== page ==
An effective orientation will provide your volunteers with the following types of information:
Training identifies those skills, knowledge, and behavior that are essential in good job performance. It is practical, experiential, and tailored to the individual needs of the volunteers being trained. Effective training teaches volunteers:
Source: "Essential Volunteer Management" by Rick Lynch and Steve McCurley, available for sale from VMSystems/Heritage Arts Press, 1807 Prairie, Downers Grove, IL 60515 (708-964-1194). Excerpts from the book are available on the CASA web site (Court Appointed Special Advocates) at www.casanet.org/nuts/volunteer_management.
I hope this information helps you organize your orientation for volunteer drivers. Good luck!
I read a wonderful poem in the past about volunteers all going to heaven, but I can no longer find it. If this is not too trivial a request, could you help me?
Cindy at a Council on Aging
Check out the archives at CyberVPM at http://listserv.aol.com/archives/cybervpm.html. CyberVPM is an online discussion group where you may have seen the poem you're looking for, assuming you're a member of the group. (Which, if you're not, you should join! It's free and the postings are from your colleagues who manage volunteers.) If you are asked to enter a password at the archive site and you don't have one already, enter a new one.
Also, check out the recognition sections at the following web sites:
www.salsa.net/peace/quotes.html (for peace-oriented quotes)
V aluable is the work you do
O utstanding in how you always come through
L oyal, sincere, and full of good cheer
U ntiring in your efforts throughout the year
N otable are the contributions you make
T rustworthy in every project you take
E ager to reach your every goal
E ffective in the way you fulfill your role
R eady with a smile like a shining star
S pecial and wonderful -- that's what you are!!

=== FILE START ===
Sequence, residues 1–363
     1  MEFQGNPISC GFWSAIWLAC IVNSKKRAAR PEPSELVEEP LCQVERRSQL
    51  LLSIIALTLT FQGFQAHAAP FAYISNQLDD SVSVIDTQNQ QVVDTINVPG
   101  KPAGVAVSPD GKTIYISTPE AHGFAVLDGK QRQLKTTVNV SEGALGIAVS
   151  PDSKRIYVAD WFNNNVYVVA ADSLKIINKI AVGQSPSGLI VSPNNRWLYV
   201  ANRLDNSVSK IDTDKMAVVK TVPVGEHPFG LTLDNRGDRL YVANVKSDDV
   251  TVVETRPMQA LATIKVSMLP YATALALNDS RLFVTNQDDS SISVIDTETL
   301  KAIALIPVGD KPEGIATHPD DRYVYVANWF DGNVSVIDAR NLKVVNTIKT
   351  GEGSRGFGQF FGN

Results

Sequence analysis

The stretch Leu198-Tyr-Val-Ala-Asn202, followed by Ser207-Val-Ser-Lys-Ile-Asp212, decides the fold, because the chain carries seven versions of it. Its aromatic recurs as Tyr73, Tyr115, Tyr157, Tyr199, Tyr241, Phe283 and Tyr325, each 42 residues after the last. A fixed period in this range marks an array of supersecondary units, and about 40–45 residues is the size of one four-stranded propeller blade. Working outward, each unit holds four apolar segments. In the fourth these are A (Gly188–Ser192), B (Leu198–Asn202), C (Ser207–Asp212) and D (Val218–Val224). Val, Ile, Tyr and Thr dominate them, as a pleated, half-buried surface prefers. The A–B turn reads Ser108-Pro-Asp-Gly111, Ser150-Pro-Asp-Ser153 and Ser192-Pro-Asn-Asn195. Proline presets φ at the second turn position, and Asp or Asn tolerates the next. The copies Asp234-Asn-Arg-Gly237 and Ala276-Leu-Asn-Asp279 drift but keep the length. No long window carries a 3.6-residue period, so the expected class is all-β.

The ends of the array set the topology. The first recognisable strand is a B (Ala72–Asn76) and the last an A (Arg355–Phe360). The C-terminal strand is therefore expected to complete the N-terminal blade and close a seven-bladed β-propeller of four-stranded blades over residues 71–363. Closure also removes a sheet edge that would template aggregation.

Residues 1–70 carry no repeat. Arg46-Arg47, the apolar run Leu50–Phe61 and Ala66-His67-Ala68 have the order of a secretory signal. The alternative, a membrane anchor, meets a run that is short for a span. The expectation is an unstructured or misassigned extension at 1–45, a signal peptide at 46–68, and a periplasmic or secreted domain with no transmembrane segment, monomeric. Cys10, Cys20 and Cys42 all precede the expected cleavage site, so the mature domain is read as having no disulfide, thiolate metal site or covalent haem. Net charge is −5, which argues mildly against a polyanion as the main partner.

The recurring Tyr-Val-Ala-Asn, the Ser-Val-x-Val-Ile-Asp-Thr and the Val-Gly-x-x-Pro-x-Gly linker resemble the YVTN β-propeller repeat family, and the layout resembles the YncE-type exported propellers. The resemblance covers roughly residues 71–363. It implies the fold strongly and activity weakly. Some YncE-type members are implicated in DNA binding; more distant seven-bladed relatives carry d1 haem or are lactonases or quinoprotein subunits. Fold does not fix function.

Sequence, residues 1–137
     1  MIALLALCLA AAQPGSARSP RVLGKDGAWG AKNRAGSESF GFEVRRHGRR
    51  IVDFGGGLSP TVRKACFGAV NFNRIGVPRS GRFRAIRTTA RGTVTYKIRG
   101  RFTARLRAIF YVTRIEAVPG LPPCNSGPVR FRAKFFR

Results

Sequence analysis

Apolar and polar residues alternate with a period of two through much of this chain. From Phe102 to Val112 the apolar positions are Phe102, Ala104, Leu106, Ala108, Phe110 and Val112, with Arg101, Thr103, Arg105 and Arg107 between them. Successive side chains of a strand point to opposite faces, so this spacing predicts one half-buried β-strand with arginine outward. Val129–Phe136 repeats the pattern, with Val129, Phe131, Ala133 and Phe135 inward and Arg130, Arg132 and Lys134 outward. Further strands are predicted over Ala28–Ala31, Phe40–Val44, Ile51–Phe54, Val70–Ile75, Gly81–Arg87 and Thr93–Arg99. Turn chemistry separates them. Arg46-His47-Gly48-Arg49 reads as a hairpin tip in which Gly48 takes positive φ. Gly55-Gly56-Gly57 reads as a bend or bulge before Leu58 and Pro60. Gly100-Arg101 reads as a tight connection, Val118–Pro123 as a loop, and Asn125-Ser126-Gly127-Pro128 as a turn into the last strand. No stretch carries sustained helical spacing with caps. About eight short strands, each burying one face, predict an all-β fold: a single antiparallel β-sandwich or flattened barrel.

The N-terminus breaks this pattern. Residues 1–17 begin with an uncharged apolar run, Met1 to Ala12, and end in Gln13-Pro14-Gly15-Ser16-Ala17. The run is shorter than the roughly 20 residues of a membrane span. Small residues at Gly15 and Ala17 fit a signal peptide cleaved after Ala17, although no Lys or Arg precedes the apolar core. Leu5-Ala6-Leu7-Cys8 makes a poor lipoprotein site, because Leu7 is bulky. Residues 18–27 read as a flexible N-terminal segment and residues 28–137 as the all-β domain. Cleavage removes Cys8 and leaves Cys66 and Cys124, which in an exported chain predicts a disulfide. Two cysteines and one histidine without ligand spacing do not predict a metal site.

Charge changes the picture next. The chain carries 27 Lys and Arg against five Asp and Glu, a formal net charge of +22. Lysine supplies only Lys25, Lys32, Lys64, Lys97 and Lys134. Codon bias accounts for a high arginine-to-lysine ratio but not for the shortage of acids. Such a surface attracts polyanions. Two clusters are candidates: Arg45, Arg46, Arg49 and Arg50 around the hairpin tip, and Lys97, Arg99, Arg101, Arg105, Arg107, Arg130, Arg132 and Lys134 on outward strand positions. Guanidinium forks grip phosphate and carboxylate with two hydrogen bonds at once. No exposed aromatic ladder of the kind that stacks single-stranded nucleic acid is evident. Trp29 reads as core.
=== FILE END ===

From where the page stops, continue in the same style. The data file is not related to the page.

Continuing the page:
Hi! I'm the Office Administrator for the Brain Injury Association of New Jersey. We will be looking for several volunteers shortly and would like to have an application form for volunteers to complete during the screening process. Any suggestions as to where I might locate this type of form? Thanks for your help.
Two thoughts come to mind. First, check out the CyberVPM site. Just click on "Programs for Volunteers" and then you'll see the chapter headings on the left side of the screen. There's an entire chapter on screening volunteers. You'll find everything from "Beyond Police Checks" to "Volunteer Screening and Criminal Record Checks." And, there are even sample volunteer applications. Nan also provides links to other resources, such as how to find your local FBI office and nonprofit FAQ articles on screening volunteers.
Next, check with your local law enforcement authorities and ask for guidance on volunteer screening. Most states have some guidelines and can offer forms, information, advice, etc.
I received some information on web sites to check out, and I'm having a hard time finding a web site called PofLight.org. It has a National Volunteer Week Kit that I was trying to get my hands on. If you have heard of this web site or know if there is an error, please let me know. Thank you!
The organization is the Points of Light Foundation in Washington, DC, and the web address is www.pointsoflight.org. You'll find the free volunteer recognition kit at that site.